However, it suggested there had been relatively little interest or scope from universities in the South and East Anglia to create new places, compared to the North.

For example, universities in the North of England indicated a desire to expand places by an average of between 20 and 30 per cent, compared to around 10 per cent in the South and East of the country.

The letter noted: “Providers told us that there may be restrictions on their ability to grow. Reasons were varied but most mentioned either capital, placement capacity or clinical educator numbers.”

The OfS said it has earmarked a higher proportion of new places for underserved regions as part of its 2025-26 process, although final allocations will depend on universities’ ability to create the capacity in time.

Even if the earmarked allocations were achieved, it would only move the dial marginally in 2025-26. For example, training places in the South West region would increase from around 8.3 per cent of the total to 8.4 per cent, when its need is estimated at around 10 per cent. The South East would rise from 9.8 to 10.3 per cent, against a target of around 15 per cent, with the East going from 8 to 8.3 per cent, against a target of 11 per cent.

‘Vested interests’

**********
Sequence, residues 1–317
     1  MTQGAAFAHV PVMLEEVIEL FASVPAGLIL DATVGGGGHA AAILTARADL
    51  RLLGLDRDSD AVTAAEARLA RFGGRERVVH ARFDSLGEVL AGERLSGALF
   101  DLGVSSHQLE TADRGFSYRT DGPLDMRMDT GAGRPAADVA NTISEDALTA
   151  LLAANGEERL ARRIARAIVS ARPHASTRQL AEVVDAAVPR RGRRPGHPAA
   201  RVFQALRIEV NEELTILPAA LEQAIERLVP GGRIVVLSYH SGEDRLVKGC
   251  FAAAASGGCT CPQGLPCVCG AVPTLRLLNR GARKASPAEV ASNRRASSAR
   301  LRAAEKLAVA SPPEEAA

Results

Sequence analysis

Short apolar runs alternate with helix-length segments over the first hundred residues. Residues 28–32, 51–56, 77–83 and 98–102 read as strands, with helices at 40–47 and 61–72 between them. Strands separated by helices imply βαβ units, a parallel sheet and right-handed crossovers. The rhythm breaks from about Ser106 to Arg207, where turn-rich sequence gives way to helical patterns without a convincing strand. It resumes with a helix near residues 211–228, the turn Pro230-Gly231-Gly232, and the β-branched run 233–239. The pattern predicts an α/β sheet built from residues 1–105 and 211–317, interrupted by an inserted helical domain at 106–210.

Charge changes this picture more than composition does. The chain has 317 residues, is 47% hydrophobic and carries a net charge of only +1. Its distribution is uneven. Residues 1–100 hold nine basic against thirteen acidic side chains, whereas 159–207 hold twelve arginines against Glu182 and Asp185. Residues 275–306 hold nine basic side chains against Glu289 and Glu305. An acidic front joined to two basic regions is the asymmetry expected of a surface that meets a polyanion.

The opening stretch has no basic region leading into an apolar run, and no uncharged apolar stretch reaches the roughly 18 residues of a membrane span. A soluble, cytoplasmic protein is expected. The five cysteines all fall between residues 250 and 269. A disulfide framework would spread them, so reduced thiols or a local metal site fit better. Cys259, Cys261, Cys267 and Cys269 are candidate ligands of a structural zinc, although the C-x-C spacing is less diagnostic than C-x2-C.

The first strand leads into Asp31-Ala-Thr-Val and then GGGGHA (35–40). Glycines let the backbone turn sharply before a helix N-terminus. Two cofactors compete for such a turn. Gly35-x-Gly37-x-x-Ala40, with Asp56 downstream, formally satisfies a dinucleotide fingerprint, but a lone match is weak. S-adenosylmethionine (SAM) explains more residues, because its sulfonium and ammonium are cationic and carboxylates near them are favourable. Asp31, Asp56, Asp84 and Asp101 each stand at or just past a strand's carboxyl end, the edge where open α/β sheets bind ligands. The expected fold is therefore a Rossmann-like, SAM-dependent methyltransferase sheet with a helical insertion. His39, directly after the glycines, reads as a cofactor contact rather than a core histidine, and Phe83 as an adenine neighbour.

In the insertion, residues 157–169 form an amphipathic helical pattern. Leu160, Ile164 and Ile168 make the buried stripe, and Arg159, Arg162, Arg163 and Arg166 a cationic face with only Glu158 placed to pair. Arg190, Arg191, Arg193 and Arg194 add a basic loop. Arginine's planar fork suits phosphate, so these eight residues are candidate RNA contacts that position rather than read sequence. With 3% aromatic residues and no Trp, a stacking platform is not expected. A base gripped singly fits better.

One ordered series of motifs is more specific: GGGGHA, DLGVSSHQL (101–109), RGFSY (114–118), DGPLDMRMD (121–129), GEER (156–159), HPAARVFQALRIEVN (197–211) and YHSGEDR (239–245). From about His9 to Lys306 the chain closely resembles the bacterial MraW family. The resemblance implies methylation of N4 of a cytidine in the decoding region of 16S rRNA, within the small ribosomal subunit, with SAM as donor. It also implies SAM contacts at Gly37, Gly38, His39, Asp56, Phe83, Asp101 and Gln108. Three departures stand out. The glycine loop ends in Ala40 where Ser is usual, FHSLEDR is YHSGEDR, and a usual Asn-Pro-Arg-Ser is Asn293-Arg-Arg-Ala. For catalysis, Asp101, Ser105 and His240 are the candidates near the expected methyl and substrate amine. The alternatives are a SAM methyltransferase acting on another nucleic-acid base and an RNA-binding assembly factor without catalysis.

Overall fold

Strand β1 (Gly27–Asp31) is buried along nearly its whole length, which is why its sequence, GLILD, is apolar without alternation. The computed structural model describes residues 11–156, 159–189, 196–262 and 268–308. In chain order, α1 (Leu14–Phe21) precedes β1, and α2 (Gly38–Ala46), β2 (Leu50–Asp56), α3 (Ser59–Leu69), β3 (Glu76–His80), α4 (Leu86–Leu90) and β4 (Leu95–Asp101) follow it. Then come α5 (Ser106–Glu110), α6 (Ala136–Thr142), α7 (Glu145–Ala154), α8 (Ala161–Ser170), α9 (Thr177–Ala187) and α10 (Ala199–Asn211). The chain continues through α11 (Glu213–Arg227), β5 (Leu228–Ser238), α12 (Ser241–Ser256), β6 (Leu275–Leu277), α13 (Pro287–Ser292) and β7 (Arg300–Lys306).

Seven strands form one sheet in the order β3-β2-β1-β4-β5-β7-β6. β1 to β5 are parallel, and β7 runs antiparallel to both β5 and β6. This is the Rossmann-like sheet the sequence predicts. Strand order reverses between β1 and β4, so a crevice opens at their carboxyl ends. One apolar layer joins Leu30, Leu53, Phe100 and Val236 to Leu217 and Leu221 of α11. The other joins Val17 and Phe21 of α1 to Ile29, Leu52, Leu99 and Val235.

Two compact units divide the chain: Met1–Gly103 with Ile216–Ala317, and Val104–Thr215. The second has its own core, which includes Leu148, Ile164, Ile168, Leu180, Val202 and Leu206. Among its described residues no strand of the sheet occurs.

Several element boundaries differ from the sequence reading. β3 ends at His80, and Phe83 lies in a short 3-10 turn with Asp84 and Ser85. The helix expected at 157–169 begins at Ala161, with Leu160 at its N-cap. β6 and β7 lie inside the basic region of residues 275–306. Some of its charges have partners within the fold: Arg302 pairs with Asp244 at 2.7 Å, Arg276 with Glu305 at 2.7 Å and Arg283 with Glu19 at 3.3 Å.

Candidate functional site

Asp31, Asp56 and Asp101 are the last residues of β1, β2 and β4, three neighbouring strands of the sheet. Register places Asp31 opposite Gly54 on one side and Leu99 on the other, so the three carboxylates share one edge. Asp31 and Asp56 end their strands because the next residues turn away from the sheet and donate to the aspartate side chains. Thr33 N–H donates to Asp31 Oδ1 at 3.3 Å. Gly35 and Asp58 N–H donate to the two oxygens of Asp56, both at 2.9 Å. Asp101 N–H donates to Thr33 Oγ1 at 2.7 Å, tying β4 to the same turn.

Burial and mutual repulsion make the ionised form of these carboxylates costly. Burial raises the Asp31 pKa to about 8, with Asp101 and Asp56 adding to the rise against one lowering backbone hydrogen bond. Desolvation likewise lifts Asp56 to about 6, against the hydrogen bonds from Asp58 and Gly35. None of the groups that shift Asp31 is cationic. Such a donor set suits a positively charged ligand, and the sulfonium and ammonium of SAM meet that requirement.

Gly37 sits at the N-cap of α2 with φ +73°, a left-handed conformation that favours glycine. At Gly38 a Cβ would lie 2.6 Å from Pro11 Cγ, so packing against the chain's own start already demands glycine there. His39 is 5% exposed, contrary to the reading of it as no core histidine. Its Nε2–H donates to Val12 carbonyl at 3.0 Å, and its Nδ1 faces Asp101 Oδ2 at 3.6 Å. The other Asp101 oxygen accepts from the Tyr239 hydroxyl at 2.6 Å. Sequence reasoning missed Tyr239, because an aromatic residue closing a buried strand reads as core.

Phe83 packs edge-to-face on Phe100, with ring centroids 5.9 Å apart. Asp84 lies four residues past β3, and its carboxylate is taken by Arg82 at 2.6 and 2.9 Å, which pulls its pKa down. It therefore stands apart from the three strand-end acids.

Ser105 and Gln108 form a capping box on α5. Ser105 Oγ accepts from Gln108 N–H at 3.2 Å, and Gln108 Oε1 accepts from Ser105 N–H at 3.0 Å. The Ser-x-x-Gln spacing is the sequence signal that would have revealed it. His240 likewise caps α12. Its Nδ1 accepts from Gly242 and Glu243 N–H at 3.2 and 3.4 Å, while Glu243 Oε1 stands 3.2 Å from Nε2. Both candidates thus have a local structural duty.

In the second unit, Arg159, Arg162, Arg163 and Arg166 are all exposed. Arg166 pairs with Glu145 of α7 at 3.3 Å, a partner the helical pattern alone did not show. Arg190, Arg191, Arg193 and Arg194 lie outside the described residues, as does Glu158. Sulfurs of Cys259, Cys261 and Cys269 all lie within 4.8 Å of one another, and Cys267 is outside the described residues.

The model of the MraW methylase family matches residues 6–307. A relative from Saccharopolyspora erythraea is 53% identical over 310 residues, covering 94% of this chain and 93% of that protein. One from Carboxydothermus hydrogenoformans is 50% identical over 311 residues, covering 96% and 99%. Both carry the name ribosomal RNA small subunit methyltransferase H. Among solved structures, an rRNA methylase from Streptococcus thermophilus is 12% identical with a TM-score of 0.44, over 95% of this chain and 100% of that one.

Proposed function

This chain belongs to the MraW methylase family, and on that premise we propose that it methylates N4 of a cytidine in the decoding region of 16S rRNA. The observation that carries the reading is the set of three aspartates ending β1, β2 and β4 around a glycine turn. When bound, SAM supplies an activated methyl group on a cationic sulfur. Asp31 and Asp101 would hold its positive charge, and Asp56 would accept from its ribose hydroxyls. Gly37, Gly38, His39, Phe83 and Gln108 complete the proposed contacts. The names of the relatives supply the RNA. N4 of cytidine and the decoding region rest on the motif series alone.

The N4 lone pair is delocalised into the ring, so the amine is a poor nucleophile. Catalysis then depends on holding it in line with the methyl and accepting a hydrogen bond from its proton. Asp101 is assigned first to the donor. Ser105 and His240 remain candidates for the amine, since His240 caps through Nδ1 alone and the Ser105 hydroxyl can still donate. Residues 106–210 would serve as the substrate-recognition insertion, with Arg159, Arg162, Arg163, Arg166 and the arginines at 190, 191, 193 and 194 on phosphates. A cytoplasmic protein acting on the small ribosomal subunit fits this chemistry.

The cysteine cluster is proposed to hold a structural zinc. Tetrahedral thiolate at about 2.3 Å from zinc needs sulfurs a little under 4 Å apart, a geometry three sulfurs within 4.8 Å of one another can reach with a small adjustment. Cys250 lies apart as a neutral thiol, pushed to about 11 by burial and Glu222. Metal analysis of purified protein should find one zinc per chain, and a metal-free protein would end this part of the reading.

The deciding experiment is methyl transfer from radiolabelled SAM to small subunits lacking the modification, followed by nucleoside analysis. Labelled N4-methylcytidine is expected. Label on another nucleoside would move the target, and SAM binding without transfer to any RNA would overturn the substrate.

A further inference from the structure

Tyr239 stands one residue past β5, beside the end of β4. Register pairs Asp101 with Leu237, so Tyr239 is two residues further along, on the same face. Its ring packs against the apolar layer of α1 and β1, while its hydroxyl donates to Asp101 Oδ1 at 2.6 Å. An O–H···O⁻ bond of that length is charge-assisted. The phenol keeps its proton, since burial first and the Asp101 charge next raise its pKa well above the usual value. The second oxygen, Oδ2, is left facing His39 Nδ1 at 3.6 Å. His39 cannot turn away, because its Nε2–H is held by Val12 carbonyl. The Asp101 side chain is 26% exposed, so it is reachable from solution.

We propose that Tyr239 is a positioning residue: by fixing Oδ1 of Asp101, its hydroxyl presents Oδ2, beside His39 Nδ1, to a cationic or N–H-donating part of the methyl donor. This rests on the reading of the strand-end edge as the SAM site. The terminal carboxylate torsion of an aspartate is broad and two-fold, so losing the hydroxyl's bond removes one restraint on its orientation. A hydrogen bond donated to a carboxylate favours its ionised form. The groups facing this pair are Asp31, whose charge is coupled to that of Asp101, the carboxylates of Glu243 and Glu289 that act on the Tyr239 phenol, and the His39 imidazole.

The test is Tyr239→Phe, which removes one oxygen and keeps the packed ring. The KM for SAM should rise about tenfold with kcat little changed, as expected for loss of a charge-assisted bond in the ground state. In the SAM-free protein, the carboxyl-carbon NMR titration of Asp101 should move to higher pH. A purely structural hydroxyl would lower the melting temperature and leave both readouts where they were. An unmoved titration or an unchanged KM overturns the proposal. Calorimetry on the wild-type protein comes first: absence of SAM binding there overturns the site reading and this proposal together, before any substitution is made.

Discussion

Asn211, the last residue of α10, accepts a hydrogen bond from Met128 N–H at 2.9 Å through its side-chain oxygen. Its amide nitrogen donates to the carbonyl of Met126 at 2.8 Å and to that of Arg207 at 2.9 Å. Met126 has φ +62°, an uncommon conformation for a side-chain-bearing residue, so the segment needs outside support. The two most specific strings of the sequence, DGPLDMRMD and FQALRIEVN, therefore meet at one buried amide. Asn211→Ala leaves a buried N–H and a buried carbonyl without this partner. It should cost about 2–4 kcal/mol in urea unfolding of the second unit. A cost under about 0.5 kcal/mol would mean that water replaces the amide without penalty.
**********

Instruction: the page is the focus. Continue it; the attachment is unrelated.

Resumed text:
Sheena Asthana, from Plymouth University, said the distribution of medical schools is largely a legacy of the historic locations of voluntary hospitals, which provided the first teaching hospitals.

Because these relied largely on philanthropy they were strongly concentrated in the largest cities, particularly London, and she said the distinction between specialised regional and district general hospitals in the 1960s reinforced the divide.

Professor Asthana said the case for reform has been made since the 1990s, but any radical redistribution of resources has always been opposed, which she said may reflect the “vested interests of members of the royal colleges”.

She added: “Because the distribution of medical schools is based on historical factors rather than healthcare need, it is hardly surprising that peripheral coastal and rural areas are underserved. This inequality is exacerbated by the fact that such areas have significantly older populations than their metropolitan counterparts.”

Billy Palmer, senior fellow at the Nuffield Trust think tank, said: “There have been some positive moves over the last few years with national efforts to ensure that the previous expansion of medical school places, including through new medical schools, were allocated to areas based on need and local examples such as Portsmouth who have developed their own initiatives to deliver more medical education within the city, in response to addressing the local shortage of GPs.

“However, as is often the case with healthcare in this country, issues around short-term planning, uncertainties on funding and lack of capital investment are trumping the otherwise welcome ambition to improve the distribution of medical training and, as a result, areas such as the South East, East and South West will likely lose out.”